What am I missing here?
this whole "we need the status quo to innovate" line is such crap. We have innovated our way to 31st fastest internet speeds behind such notable countries as Latvia, Hungry and Lithuania.
 

NationalTitles17

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May 25, 2003
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I would argue that correlation doesn't imply causation. Many of the things you described didn't necessarily come out of AT&T by themselves, the internet for example, was either Al Gore or DARPA, neither of which worked for AT&T. Technically, the first internet prototype message was sent in the 60's, which was before AT&T had been broken up, during the time of regulation as common carrier, much of which did go away during the breakup as you pointed out. Speaking of the breakup, I could just as easily try and say that it was the breakup of the AT&T into the baby bells, but not deregulation that created innovation, because many of the things you listed happened after the breakup but still took advantage of the common carrier status.

I would definitely be willing to concede that the regulation helped to create the AT&T monopoly. But won't you at least give a little and admit that since the breakup transferred control of the landlines that were going to everyones house to the smaller Bells, the companies who couldn't compete before were now able to make use of the common carrier rules to begin offering competing services to AT&T long distance? The breakup forced AT&T into being solely a long distance provider, opening up the space for MCI and Sprint to begin competing since AT&T didn't control both the lines and the service. Isn't competition what really drives innovation?

I don't think we are going to get another shakeup like the AT&T breakup. In fact we are seeing the companies that exist currently attempting to consolidate. AT&T has slowly been buying back up all the competitors(Cingular, DirectTV) and Comcast is doing the same with the TWC merger. Is this possibly because the government hasn't been able to keep up with regards to defining regulation in the switched IP network space? I can't say with any certainty, but I have a feeling that it may have something to do with it. (Edit: It does tend to take away from the belief that regulation is 100% responsible for the monopoly creation, as companies are attempting to consolidate, and generating regional monopolies as a result, all while no regulation as a Title II carrier.)

Here is a paper about telecommunications policy out of Georgetown that dives into the three markets with enough broadband penetration to provide a good sample size, but also varying regulatory approaches, in an attempt to determine if there really is a better method. (Interestingly it was extremely hard to find someone who approached this issue without an axe to grind one way or the other. I think these guys do a decent job of investigating all sides, and approximating some reasonable presentation of the pros and cons)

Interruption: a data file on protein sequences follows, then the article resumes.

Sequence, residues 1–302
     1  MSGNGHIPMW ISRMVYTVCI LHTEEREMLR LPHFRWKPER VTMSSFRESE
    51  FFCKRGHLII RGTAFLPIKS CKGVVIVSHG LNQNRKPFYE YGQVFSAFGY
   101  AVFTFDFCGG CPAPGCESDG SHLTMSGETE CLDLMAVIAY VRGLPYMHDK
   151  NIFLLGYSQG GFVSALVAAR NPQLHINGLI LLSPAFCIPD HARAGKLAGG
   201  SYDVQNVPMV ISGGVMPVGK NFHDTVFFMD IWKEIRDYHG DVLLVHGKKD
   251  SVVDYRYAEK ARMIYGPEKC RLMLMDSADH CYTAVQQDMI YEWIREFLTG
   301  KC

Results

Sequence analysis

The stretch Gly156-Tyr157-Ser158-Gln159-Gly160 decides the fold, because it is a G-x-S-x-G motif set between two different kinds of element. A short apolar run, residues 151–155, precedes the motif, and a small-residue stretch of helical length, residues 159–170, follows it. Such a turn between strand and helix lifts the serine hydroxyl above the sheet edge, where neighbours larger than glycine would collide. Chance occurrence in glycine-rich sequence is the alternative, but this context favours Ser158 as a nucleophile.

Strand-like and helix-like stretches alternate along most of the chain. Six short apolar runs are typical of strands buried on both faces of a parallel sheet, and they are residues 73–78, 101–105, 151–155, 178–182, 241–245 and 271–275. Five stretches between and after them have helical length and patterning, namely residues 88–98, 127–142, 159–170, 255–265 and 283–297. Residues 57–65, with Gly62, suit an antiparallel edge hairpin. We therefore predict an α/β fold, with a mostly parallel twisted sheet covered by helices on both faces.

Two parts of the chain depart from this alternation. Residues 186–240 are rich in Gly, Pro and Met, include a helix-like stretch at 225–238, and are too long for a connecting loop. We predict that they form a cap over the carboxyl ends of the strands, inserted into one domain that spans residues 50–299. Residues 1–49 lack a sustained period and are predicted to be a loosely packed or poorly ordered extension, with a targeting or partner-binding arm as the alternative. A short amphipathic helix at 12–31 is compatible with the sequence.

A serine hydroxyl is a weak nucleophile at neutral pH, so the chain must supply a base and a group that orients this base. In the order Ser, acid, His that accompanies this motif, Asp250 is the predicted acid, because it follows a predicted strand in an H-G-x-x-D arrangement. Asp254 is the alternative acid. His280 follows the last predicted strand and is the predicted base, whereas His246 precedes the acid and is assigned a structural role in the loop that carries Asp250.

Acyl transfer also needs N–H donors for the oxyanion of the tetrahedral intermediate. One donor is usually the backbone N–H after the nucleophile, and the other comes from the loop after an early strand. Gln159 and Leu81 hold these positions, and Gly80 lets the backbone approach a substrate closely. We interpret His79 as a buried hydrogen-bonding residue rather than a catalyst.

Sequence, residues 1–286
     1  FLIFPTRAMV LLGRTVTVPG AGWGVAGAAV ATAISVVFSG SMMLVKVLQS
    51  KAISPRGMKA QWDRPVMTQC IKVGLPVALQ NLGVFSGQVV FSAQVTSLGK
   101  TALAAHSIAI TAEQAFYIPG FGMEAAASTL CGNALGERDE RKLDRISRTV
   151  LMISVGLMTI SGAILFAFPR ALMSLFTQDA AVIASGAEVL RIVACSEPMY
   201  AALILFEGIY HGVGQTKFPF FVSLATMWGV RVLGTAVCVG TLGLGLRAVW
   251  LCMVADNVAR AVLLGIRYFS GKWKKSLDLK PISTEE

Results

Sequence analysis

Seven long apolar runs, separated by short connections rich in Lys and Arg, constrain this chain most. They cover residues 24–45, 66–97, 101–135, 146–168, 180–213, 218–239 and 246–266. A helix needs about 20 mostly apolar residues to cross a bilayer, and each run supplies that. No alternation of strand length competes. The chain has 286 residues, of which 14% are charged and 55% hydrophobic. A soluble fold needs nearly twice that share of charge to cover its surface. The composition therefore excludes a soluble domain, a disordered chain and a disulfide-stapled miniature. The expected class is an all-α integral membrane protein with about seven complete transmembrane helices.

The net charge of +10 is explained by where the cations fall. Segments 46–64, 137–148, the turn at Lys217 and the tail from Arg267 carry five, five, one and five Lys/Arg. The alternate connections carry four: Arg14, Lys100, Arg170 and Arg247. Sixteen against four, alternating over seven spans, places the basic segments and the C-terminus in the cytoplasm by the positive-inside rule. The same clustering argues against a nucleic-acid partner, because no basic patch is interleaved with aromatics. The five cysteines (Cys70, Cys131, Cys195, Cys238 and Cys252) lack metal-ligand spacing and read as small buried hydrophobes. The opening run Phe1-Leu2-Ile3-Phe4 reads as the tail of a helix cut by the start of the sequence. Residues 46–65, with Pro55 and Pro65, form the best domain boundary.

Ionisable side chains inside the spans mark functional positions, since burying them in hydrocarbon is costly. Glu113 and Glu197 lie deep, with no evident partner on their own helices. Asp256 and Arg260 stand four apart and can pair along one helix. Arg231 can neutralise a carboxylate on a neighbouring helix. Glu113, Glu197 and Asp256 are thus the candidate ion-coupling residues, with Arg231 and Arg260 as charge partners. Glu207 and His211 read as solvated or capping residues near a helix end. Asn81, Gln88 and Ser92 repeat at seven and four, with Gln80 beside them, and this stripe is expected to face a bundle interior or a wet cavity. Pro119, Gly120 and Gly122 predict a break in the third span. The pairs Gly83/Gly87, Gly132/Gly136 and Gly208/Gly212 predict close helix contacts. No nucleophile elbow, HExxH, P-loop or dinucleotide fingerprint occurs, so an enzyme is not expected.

https://blogs.commons.georgetown.edu/cctp-732-fall2009/files/More-on-the-Role-of-Government-and-Broadband-Access.pdf



I really don't think that regulation as a carrier will kill all of the innovation. It will allow for the existing infrastructure to be utilized, for a fair market price, so that other carriers/networks don't have to solve the last mile problem. This may also reduce the incentive for companies to tie up local municipalities, who wish through their own initiative to build out their own network, as those same networks would be available to AT&T, Comcast, et al. Just imagine, your town holds a vote to issue bonds to build out a fiber to the home network for your town. Instead of AT&T tying it up in court, they salivate because now they don't have to build out or maintain that infrastructure, but the town is now required through regulation as a common carrier to provide access to that infrastructure to any company that wishes to offer services. Now AT&T, Comcast, DirectTV, TWC, GoogleFiber, can all use that common pipe to provide services, as well as compete for your business on a level playing field.

The one drawback, which may be what you meant about innovation, is when the next iteration of transfer medium comes about, say quantum entanglement cabling providing 1Tbps speeds (completely made that up, but it sounds nice), that infrastructure may take awhile to upgrade. As it is now, companies can make a business decision on whether it is worth it to them to put in the investment for rolling out that infrastructure before anyone else. Which results in spotty coverage and market penetration, often because it is done for markets that had either no option, or an extremely old one that needed upgrading.

What am I missing here?